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Ed Yong on the Magical World of Animal Senses

The Pulitzer Prize-winning scientist explores the strange and magical way other animals experience our world.

What do bees see in flowers? What do songbirds hear in each other’s songs? And what do dogs smell on the street? These are some of the questions that Pulitzer Prize-winning science writer Ed Yong will answer when he came to Intelligence Squared to talk about his new book An Immense World: How Animal Senses Reveal the Hidden Realms Around Us. 

As Yong explained, every animal on the planet is enclosed within its own unique sensory bubble, perceiving just a tiny sliver of an immense world of sights, sounds, smells, tastes, textures, vibrations, and electric and magnetic fields. 

He explained that a crocodile’s scaly face is as sensitive as a lover’s fingertips, that the eyes of a giant squid evolved to see sparkling whales, and that plants thrum with the inaudible songs of courting bugs. And taking us beyond the confines of our own senses, he described turtles that can track the Earth’s magnetic fields, fish that fill rivers with electrical messages and humans that can wield sonar like bats.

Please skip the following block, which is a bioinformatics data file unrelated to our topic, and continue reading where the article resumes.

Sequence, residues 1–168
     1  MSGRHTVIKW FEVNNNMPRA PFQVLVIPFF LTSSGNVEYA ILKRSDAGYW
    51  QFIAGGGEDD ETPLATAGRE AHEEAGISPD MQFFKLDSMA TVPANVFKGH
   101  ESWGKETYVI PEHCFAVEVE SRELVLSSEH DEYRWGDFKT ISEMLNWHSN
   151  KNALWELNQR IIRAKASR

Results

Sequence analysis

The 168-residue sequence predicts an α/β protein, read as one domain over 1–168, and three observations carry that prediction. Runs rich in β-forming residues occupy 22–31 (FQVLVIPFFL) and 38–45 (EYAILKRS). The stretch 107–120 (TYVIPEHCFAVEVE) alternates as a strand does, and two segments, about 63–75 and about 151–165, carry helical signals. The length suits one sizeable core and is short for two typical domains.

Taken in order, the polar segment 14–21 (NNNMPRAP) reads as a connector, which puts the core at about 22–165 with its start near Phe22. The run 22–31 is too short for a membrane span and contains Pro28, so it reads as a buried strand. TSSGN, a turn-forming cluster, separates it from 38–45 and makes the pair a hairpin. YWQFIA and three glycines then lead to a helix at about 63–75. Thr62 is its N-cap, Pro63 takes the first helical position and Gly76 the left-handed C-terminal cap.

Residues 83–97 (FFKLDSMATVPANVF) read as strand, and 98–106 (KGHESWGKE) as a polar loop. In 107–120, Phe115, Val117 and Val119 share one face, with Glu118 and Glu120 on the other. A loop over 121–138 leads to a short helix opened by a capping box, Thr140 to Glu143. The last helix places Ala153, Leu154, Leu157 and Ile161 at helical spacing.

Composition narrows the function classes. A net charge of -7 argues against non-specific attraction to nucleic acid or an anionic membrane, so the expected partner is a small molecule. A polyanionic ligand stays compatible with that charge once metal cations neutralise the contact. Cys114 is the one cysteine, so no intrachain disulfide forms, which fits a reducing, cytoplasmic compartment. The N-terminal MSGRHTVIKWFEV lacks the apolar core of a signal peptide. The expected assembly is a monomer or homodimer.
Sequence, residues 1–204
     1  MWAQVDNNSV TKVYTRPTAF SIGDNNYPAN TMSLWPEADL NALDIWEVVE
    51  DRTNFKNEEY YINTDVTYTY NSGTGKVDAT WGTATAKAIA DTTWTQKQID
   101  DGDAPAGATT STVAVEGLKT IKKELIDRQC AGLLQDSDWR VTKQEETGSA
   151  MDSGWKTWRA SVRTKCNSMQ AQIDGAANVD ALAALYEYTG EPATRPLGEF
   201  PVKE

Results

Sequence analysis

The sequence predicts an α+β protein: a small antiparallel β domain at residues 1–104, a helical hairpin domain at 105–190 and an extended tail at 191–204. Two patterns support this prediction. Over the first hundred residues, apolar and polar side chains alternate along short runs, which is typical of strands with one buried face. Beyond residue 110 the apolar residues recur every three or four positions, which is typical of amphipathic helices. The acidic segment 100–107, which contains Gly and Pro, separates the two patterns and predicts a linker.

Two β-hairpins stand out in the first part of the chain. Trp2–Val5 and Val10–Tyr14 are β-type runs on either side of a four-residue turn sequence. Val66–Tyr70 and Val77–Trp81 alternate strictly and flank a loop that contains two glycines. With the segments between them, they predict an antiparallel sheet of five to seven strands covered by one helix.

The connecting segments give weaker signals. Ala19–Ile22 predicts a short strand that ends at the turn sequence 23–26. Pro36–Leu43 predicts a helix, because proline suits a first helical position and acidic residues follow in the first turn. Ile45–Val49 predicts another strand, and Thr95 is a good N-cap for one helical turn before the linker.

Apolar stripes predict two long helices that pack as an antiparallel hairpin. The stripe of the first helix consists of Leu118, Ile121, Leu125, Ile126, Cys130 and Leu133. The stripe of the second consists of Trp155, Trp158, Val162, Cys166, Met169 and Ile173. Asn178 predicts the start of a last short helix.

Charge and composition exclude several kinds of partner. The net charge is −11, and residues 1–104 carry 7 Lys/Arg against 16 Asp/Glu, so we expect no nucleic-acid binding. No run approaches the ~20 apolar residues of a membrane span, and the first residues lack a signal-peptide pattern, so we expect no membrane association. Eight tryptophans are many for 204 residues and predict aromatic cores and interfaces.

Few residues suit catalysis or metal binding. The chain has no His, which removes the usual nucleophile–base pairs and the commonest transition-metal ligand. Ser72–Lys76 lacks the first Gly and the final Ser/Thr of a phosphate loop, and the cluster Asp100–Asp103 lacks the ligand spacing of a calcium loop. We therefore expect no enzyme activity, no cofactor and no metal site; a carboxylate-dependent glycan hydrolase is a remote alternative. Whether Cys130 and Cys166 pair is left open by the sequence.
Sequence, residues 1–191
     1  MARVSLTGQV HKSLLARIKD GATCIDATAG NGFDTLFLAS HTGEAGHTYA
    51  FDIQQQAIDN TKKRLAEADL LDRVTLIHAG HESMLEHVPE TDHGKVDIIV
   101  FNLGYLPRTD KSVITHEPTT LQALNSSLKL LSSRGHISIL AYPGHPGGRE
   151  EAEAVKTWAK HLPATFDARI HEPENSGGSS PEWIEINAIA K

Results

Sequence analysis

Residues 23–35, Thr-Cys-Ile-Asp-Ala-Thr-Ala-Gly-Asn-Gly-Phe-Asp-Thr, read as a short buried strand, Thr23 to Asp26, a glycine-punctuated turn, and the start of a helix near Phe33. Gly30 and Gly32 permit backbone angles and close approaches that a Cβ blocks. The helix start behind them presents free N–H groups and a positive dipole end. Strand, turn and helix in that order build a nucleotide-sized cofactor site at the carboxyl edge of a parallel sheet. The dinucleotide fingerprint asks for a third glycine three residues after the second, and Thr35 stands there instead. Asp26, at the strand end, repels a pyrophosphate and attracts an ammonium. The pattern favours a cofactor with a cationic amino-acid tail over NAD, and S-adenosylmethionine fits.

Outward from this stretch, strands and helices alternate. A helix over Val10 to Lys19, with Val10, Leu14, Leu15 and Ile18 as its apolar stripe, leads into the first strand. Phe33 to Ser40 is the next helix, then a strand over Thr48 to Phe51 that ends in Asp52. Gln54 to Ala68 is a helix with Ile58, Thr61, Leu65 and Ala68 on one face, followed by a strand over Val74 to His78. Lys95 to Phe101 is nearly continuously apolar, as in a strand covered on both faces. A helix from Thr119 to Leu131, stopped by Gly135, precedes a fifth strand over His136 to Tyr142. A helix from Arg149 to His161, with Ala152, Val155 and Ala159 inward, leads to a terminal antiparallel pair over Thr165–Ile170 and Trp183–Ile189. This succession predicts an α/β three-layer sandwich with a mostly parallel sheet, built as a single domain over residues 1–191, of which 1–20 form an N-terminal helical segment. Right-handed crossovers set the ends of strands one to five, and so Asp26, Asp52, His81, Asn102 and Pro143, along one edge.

Praise for Ed Yong’s An Immense World

An expansive, constantly revelatory exploration of the biosphere’s sensorium… Ed Yong is my favourite contemporary science writer’ – William Gibson, author of Neuromancer and The Peripheral

A stunning achievement – steeped in science but suffused with magic’ – Siddhartha Mukherjee, author The Emperor of All Maladies



Ed Yong

Bestselling science writer and author of An Immense World.

Bestselling science writer on the staff of The Atlantic, where he won the Pulitzer Prize in explanatory journalism for his coverage of the COVID-19 pandemic and the George Polk Award for science reporting, among other honours. His work has appeared in The New Yorker, National Geographic, Wired, The New York Times, Scientific American, and more. His first book, I Contain Multitudes, about the amazing partnerships between microbes and animals, was shortlisted for the Royal Society Science Book Prize and the Wellcome Book Prize and was a New York Times bestseller.

Chrissie Giles

Global health editor at the Bureau of Investigative Journalism in London

Writer and editor who is currently global health editor at the Bureau of Investigative Journalism in London. Previously she worked for Wellcome, one of the world’s largest health foundations, where she was editor of the award-winning longform health and science publication Mosaic.